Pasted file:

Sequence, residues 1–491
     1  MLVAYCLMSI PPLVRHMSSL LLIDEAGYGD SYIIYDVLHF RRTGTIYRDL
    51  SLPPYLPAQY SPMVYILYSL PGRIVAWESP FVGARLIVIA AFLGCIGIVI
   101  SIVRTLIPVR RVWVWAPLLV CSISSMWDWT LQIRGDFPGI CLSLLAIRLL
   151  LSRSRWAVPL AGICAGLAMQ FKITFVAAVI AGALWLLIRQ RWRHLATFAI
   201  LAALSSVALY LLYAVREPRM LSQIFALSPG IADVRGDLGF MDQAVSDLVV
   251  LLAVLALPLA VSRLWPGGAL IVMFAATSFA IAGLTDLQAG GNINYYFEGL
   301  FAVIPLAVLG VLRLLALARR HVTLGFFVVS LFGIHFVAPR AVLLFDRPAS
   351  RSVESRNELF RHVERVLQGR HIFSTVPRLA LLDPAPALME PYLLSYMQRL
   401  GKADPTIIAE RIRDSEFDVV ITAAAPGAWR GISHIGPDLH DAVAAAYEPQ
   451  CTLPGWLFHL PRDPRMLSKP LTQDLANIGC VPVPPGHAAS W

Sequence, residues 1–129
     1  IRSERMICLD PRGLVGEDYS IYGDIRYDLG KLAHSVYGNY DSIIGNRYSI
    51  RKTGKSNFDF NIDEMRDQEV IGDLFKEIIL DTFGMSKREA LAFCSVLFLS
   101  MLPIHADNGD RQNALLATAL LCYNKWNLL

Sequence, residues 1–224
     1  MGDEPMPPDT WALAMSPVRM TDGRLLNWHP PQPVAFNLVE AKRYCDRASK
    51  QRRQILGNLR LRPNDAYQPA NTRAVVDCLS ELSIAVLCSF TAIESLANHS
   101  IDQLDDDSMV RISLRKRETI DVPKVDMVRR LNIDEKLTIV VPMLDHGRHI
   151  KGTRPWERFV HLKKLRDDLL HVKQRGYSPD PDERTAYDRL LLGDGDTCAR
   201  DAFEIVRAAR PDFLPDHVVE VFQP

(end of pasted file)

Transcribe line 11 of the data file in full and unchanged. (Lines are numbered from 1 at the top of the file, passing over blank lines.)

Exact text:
   451  CTLPGWLFHL PRDPRMLSKP LTQDLANIGC VPVPPGHAAS W